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4.5 / 5 (4)
Pnau cover
Very rarely has any sort of emerging band received the acclaim and privilege awarded to Pnau over the past years. It's like they passed straight through the pages of the book on how things were meant to be done, and their ascent has been astounding.

Pnau's success has been as deserved as it has been anomalous, and the band members themselves as curious as they are talented. Pete Mayes and Nick Littlemore, the Enfants Terrible of the Australian Music industry, have won the respect of their peers and the loyalty of their fans by consistently producing simple, intelligent hooks, fat sounds, and awesome imagery. Their long awaited third album 'PNAU' is an admission of sorts; Music is bigger than any one person and connected to absolutely everything.

'PNAU' is a sagacious offering; the act has mastered the art of reminiscence and innovation, abducting current trends to shear the way forward with this positive and futuristic, hybrid beast of a recording. There's a clarity and awareness in the sounds and songwriting throughout. It's bare and celebratory and in the buoyant key of Hell Yeah, if it had hands it would slap you on the ass. The spontaneous moments are void of flippancy and the heavy moments are uplifting. There is real knowledge at work here, real skill, no bluff, no laconic bravado or dark humours. Maturity and sophistication are two words that will be bandied around for this work, but honesty and acknowledgment seem closer to the mark for an album that is poised to become a landmark recording.

Their innate understanding of the entire package of artistic expression is what earned them Australia's top music gong in 1999, an Aria Award, in the electronic category for their debut release 'Sambanova'; an album that wasn't even properly cleared but looked and sounded fantastic. It was a rebellious fluke from accidental shit stirrers that was released in 4 different versions and confused the nuts off everyone. It suited the band to a T and kick starting their rock 'n' droll lifestyle, touring with every major festival in Australia.

They backed-up 'Sambanova' with 'Again', a sophomore release that shoved a dirty big told-you-so sock down the throats of the nay-sayers who adamantly believed both Pnau and electronic music were but a flash in the pan. Pnau were off on US and European tours, performing peak sets between Darren Emerson and Fatboy Slim one night, and playing to private audiences with Naomi Campbell and Ricky Bloody Martin the next. Not so much overwhelmed as chronically amused and soaking it all in, filing everything away, Pnau came to the attention of infamous producers, songwriters and performers, all buying into the intrigue of two Aussie musos patently NOT vying to be famous. It wasn't long till they gravitated toward their own kind and submerged themselves deeply in the next phase of their artistic evolution. From LA to Sweden to the UK to Redfern, Pnau the band became a somewhat amorphous entity, existing in spirit if not completely in body. The grueling schedule of being in a band took a seat; not a back seat, just a seat in the middle of the room. Kind of near the front, but to the left a bit.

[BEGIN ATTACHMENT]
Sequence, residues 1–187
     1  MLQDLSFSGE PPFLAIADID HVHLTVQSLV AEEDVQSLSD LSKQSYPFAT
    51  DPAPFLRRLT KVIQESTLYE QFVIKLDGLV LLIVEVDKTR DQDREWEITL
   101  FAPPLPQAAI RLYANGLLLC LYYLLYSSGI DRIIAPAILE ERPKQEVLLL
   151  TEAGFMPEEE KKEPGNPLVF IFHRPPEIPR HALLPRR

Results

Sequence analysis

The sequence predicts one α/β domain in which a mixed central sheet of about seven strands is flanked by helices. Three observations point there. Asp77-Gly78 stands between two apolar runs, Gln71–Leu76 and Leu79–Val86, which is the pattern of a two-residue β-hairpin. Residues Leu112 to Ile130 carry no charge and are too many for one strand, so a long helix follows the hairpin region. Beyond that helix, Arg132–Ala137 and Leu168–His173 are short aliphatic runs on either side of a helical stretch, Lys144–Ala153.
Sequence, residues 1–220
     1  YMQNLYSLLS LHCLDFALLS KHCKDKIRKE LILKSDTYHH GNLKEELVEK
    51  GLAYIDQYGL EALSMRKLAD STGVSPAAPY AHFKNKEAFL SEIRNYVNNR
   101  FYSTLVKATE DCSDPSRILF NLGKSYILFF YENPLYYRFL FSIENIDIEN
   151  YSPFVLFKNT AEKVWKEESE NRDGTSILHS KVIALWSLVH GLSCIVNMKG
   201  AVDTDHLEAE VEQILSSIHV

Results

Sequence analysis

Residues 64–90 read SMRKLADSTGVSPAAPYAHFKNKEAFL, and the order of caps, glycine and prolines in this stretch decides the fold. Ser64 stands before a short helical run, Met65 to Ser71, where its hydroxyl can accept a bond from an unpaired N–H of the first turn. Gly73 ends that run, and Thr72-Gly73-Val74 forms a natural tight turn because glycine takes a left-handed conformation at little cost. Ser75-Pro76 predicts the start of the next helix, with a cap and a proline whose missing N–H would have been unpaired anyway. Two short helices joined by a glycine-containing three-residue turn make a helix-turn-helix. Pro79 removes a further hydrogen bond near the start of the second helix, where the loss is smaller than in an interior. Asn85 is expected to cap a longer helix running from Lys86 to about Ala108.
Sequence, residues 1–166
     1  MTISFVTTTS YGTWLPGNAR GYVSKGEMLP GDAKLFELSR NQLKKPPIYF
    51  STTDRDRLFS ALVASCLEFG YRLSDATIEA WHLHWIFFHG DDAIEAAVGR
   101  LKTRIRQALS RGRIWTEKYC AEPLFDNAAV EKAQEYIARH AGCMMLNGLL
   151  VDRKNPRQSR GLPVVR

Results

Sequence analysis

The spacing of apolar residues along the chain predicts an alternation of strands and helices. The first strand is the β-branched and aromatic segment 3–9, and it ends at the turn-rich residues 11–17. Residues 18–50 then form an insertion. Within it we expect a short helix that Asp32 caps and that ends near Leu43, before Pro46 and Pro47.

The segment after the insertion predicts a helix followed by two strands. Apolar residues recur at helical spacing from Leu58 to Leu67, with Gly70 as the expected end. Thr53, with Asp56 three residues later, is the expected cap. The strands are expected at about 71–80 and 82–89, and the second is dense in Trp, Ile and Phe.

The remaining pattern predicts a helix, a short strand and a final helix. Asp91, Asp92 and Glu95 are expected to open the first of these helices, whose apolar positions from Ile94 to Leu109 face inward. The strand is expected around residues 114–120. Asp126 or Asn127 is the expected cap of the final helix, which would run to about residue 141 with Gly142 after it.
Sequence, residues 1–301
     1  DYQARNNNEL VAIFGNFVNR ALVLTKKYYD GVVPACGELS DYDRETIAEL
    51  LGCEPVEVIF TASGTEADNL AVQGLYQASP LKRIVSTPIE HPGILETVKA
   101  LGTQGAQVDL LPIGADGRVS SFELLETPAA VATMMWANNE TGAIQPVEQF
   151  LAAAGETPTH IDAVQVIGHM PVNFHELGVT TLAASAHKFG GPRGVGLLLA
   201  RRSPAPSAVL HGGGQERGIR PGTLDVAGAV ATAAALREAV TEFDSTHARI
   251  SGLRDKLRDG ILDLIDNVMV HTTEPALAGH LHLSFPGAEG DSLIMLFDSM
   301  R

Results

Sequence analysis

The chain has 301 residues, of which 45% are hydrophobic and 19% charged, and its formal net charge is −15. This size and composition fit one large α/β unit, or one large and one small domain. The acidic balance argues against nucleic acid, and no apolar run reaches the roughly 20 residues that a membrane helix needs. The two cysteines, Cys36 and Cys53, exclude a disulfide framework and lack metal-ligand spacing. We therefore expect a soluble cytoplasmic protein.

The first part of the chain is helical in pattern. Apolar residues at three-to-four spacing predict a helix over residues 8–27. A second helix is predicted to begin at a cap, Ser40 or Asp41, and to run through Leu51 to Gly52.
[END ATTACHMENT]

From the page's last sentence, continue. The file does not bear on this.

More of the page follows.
That was then. Quite obviously, this is now. (and please for the love of all that's holy, no more rhyming puns).

With the release of the self-titled album 3, the very first local release from new label etcetc, you'd be forgiven for thinking Pnau are finally fulfilling the epic destiny that we've all been quietly waiting for them to realize. All the skilled bits and honed pieces seem to be coming together and we suspect they're starting to take their talent seriously. Insane, we know! But it's like they don't consider 'ambition' to be a dirty word anymore.

If it takes a village to raise a child then it's understandable that they've utilized their artistic community to raise this album in the Fing Fang Fong studios. On 'PNAU' not only will you hear Nick's vocal talents, you'll also hear their work with Luke Steele from The Sleepy Jackson, a match made in heaven, Pip Brown from Ladyhawke, Nik Yannikas from Lost Valentinos, and Michael DeFrancesco from Van She. Fabian 'Mr Oizo' Feadz of Ed Banger fame worked closely with Pnau on the first single release 'Wild Strawberries', and across it all Nick's elder brothers. Sam Littlemore (Gwen Stefani, Black Eyed Peas, Tonite Only) has been in control of the mix, while James Littlemore has exerted his seasoned creative direction over the entire project.

'PNAU' is a timeless and positive album. If 'Sambanova' was an ass-grab, and Again was a casual fling, then 'PNAU' is a love affair that will endure. This is dance floor Pnau as you've ever known them, only better. Much, much, better.

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